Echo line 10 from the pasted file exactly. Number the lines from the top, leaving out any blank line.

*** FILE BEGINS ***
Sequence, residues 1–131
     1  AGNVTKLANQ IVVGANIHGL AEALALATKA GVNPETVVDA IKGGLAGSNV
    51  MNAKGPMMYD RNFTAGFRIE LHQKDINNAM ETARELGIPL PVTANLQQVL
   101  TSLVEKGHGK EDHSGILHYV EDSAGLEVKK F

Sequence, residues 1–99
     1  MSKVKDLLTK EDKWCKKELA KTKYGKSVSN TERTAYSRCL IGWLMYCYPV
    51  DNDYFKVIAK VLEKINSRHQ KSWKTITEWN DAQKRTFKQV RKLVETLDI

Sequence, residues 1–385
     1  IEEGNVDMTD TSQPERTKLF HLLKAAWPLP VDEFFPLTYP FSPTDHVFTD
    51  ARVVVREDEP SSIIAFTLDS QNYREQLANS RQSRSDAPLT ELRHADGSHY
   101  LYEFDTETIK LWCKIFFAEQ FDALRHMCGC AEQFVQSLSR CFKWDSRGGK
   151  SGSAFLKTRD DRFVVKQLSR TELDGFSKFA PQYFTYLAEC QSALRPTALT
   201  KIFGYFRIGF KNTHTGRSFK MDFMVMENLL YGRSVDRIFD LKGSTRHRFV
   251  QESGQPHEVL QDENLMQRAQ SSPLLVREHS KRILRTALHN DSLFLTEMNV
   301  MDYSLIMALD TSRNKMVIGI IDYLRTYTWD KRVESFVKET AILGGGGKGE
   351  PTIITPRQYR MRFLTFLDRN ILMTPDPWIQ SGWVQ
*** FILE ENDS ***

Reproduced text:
    51  ARVVVREDEP SSIIAFTLDS QNYREQLANS RQSRSDAPLT ELRHADGSHY